WTC Health Program Requirements, Services, and Benefits
Services provided under the World Trade Center (WTC) Health Program, a limited health care benefits program, include the following:
Enrolled Screening-Eligible Survivors receive:
- A one-time initial health evaluation
- If the initial health evaluation does not result in a certified condition and a survivor wants an additional health evaluation in the future for a new condition possibly WTC-related, they may pay out of pocket or use primary health insurance to pay for an evaluation by a WTC Health Program doctor in the future.
Enrolled Responders and Certified-Eligible Survivors (Survivors with a certified WTC-related health condition) receive:
- Annual monitoring exams,
- Medical and mental health treatment for certified WTC-related health conditions, and
- Benefits counseling services.
Cancer screening is available to all WTC Health Program members (except FDNY family members) who meet the age and risk guidelines of the U.S. Preventive Services Task Force.
Services are provided through Clinical Centers of Excellence (CCEs) in the New York metropolitan area or through the Nationwide Provider Network (NPN). The Administrator of the WTC Health Program, designated as the Director of the National Institute for Occupational Safety and Health (NIOSH), determines eligibility for enrollment and certifies an enrolled member’s condition for treatment.
WTC-Related Health Conditions
The James Zadroga 9/11 Health and Compensation Act of 2010 (Zadroga Act), which established the WTC Health Program, designated the original List of WTC-Related Health Conditions (the List) covered for treatment (sections 3312(a)(3) and 3322(b) of the Public Health Service Act). Additional health conditions may be added to the List by the Administrator of the WTC Health Program through rulemaking. More information on covered conditions is available at www.cdc.gov/wtc/conditions.html.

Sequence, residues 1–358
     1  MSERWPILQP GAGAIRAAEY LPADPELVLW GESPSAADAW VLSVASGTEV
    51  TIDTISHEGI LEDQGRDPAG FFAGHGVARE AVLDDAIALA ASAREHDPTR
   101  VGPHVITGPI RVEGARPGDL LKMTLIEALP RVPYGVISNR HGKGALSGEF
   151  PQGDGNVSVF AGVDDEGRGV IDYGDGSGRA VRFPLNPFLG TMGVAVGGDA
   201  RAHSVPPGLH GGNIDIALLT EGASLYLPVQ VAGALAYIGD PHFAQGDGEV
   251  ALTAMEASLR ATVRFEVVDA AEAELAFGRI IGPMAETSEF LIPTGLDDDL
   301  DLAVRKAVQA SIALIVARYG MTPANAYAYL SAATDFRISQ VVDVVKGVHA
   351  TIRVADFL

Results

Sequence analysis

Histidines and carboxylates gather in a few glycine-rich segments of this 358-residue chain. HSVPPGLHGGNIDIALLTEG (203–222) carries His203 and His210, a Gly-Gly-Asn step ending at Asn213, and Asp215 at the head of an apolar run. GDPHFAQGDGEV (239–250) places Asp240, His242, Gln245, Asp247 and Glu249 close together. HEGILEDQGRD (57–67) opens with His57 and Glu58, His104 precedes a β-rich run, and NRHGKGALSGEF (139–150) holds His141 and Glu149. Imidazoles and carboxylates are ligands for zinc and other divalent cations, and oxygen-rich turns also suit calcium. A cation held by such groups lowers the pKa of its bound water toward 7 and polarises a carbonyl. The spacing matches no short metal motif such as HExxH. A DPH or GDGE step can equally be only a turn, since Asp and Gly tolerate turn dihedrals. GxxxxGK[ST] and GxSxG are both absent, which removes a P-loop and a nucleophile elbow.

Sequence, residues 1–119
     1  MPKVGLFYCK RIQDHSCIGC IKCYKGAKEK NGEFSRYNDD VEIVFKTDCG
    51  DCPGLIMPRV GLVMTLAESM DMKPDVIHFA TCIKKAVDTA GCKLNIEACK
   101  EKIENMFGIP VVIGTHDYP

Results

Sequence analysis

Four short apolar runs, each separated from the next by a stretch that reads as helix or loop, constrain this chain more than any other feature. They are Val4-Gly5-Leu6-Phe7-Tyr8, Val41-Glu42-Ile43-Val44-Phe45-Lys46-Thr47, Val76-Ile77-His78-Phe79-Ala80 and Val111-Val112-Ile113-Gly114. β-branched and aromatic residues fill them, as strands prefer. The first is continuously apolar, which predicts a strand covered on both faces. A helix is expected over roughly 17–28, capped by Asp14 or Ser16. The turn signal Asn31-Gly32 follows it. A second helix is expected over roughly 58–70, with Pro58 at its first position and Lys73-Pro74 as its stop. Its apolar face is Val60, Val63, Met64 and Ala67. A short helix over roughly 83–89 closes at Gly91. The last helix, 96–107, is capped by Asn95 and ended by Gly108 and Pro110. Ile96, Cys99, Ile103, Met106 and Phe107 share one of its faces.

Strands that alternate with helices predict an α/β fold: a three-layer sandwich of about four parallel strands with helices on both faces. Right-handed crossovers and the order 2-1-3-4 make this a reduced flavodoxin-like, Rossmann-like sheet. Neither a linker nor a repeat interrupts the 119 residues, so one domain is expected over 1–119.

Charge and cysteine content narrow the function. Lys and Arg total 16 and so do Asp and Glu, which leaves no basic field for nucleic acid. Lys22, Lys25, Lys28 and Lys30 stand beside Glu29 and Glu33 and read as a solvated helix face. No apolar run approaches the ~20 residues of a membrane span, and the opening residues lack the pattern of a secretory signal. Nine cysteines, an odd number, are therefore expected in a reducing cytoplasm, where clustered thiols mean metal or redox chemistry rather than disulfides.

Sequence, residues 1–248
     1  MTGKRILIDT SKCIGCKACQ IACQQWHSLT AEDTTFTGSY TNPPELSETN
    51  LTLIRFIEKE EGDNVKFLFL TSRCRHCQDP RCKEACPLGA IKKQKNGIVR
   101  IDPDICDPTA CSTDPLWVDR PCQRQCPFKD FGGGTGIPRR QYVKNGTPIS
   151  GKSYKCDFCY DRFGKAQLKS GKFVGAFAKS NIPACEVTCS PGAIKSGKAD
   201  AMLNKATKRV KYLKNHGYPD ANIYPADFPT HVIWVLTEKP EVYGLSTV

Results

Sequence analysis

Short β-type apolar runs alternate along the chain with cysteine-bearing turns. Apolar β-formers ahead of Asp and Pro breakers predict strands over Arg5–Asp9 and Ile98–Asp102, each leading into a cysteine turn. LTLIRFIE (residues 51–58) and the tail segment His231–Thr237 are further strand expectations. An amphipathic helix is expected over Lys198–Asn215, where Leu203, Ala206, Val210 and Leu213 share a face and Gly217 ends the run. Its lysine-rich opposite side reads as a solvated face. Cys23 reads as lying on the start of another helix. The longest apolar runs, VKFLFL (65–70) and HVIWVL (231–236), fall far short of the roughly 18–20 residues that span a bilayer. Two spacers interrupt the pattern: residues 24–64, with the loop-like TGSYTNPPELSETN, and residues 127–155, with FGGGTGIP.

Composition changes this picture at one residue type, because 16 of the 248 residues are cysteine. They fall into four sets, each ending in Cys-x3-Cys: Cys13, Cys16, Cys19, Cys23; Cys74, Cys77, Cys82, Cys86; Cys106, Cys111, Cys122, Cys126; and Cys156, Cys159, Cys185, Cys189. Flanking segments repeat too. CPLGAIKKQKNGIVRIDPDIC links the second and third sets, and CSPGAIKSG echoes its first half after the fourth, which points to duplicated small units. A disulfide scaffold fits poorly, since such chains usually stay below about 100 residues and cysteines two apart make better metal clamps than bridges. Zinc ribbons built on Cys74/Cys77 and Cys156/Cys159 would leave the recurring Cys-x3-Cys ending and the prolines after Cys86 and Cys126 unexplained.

Monitoring and Treatment
The WTC Health Program provides annual medical monitoring for enrolled Responders. Survivors receive annual medical monitoring if certified with a WTC-related health condition(s), referred to as a Certified-Eligible Survivor. Medical monitoring is intended to detect symptoms and illnesses that may be WTC-related, and include a physical exam, breathing tests, mental health assessment, exposure assessment, routine blood and urine tests that do not include drug or HIV testing, and referral for treatment if necessary. Eligible Responders and Certified-Eligible Survivors, including those eligible under prior programs, will receive these monitoring benefits and treatment that is medically necessary for both certified WTC-related health conditions and certain medically related conditions.
If a WTC Health Program doctor determines a member has a WTC-related health condition based on the initial health evaluation or medical monitoring examination, the Administrator of the WTC Health Program must first certify the condition for coverage and approve the treatment provided. Covered treatment is available for certified WTC-related health conditions and certain health conditions medically associated with a certified WTC-related health condition. Treatment for a certified WTC-related health condition must be provided by a WTC Health Program-affiliated provider.
These services and benefits are voluntary for members. Members may withdraw from participation in the WTC Health Program at any time, without any financial or other consequences other than loss of Program services.
Members are entitled to pharmacy benefits for certified WTC-related or medically associated conditions. The WTC Health Program contracts with one or more pharmaceutical providers and has the discretion to change pharmaceutical provider(s) at any time.
Payment for Services
The WTC Health Program will cover the cost of medically necessary care from Program providers for certified WTC-related health conditions and coordinate payment with any other private or public healthcare plans (e.g., Medicare).